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Wood Sorrel and Swan Medicine

Updated: Feb 16, 2020

White, winter, and snow. Right now, I am staying put and am going strain a tincture.

Oxalis, commonly known as Wood Sorrel, comes in many varieties. The one I've chosen to work with grows along the path to my house. It has three heart-shaped leaves and cheery yellow flowers. The seed pods look like Okra. It's often mistaken as a clover, but it is not in the clover family Fabaceae. It has its own family, Oxalidaceae.

It is pleasantly sour. I credit herbalist Lise Wolff for brining this herb into my repertoire. Lise has mentioned that it is a very sunny, happy little herb, which I completely agree with. And I decided I wanted to know more.

When I created the tincture, I used what I had: Oxalis stricta. I used the aerial parts: leaves, flowers, seed pods, and stems. I like to create with animal medicine, and Swan decided to be a part of this tincture. I use a folk method: this tincture was a loose 1:1 ratio of brandy to herb.

After about four months (time flies!), I strained it out. I tasted the herb: sour! If you could get a Skittle plant without cheating and using fruit, this would be it. And it's hard to avoid being cheerful when something tastes so nice. Oxalis immediately went to work on my stomach and intestines, allowing them to relax, which enabled me to breath deeper. It then proceeded to my esophagus and heart region, warming it up. These properties are outlined in Oxalis's signatures: cheerful yellow flowers and yellow for the systems it works on (the visceral parts of our body). The green, heart-shaped for the heart and the color of the heart chakra. The leaves also look like little lungs.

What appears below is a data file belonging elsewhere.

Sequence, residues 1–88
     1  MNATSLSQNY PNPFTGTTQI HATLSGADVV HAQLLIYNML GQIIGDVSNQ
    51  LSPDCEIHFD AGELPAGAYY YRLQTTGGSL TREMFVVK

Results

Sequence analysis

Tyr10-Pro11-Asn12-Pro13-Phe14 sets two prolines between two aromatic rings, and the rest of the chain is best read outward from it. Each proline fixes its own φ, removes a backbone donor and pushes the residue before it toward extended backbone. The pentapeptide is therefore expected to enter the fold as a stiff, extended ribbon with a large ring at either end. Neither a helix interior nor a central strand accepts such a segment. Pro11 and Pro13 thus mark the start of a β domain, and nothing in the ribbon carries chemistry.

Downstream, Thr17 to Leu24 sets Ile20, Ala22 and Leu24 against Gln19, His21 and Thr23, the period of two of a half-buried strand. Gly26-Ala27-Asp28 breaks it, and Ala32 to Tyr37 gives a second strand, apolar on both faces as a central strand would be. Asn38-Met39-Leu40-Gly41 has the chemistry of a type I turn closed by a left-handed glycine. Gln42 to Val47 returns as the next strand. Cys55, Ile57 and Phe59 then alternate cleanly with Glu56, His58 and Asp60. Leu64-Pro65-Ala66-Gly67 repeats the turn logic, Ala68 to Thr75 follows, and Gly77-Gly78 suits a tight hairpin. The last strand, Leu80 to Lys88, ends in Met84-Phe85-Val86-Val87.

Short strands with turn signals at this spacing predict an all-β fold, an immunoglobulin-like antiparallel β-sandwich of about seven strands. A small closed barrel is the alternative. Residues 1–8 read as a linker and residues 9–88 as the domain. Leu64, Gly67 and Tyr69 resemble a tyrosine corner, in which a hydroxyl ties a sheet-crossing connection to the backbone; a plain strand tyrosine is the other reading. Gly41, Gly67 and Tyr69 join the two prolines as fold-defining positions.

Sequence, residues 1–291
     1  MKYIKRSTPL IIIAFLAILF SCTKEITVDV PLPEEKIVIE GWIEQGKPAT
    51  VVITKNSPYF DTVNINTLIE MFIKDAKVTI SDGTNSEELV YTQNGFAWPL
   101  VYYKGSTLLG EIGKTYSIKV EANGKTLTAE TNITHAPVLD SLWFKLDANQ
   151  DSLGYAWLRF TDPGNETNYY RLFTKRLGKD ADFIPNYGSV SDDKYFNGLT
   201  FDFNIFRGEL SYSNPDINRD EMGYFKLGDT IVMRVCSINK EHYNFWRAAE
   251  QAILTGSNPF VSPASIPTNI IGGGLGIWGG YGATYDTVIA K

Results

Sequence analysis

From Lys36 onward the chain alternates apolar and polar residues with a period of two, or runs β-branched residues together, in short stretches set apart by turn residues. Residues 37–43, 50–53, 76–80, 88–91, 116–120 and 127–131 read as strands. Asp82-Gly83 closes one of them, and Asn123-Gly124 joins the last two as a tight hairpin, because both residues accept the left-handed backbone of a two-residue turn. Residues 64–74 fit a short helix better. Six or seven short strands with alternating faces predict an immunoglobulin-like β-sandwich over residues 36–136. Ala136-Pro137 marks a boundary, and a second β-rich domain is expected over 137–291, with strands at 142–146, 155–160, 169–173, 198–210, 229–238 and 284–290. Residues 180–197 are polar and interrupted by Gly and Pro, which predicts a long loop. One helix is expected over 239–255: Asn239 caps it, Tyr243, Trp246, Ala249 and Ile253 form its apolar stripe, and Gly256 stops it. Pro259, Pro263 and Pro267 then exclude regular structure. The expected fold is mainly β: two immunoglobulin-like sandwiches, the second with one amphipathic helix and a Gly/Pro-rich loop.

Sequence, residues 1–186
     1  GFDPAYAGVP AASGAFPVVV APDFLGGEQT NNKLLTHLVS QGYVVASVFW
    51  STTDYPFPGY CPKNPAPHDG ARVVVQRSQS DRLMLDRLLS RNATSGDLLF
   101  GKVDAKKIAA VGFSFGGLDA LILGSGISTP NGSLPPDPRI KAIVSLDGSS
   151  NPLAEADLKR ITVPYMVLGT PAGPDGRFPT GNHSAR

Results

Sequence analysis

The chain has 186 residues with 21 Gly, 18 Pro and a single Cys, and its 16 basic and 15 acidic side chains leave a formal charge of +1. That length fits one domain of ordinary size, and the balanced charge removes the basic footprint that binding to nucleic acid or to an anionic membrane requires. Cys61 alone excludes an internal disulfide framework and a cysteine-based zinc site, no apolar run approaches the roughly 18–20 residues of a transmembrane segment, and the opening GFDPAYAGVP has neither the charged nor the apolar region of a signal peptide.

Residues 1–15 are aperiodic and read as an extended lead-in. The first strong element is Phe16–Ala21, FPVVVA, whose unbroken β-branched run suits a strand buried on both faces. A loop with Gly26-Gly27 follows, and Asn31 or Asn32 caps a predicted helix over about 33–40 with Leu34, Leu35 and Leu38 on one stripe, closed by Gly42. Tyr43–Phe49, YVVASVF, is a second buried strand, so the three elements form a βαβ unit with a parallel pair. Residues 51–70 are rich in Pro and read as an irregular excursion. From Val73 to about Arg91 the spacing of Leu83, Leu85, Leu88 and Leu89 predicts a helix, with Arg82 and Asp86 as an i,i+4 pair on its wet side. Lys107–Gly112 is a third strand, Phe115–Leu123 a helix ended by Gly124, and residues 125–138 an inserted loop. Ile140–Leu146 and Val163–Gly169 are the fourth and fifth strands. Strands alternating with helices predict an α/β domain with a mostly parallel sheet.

Something unexpected happened: warmth in my shoulders and neck. I think I have to credit Swan for allowing this to happen. Perhaps relaxing the middle body allowed blood flow to the upper body. Still, the signature look of the swan is the curve of the half-heart shaped neck. And swans are one of the animals that find life-mates. Put two and two together and you create a heart. And it wasn't until just now that I now know why Swan decided to be part of this picture. There is truly a heart-centered emotion in this plant and with Swan Medicine.

I tuned in a little more with this plant and it was definitely moistening. Stimulating to the salivary glands (that's the sour taste for you) and to digestion. Lots of gurgles and bubbles and downward flow.

There is also something about alignment. I saw a curve of light. And the curve would straighten out. Perhaps it is a physical alignment. Perhaps it is being in alignment with what brings you joy. Or peace.

Also present was the sun. And rays. And perhaps something to do with the nerves of the eyes or the macula. I don't always know how the images fit in right away. I am learning to trust these impressions.

I had sampled a little of the greens from the tincture, then decided to strain it. During the process, I dropped a heavy glass jar onto a green ceramic bowl and broke it. When a vessel breaks, I pay attention. Sometimes, a vessel needs to break so healing can enter. Sometimes, our old vessel does not fit the new that is coming in. And sometimes, we need to release. There is a transformative energy that happened with this tincture process. Perhaps it was a sign that this is the medicine for now. Stepping forward into something new. Letting go of what weighs you down. Or that Swan says: Transform. It was a lesson from Swan that I have forgotten.

Oxalis was the right choice for this white, Swan colored day.

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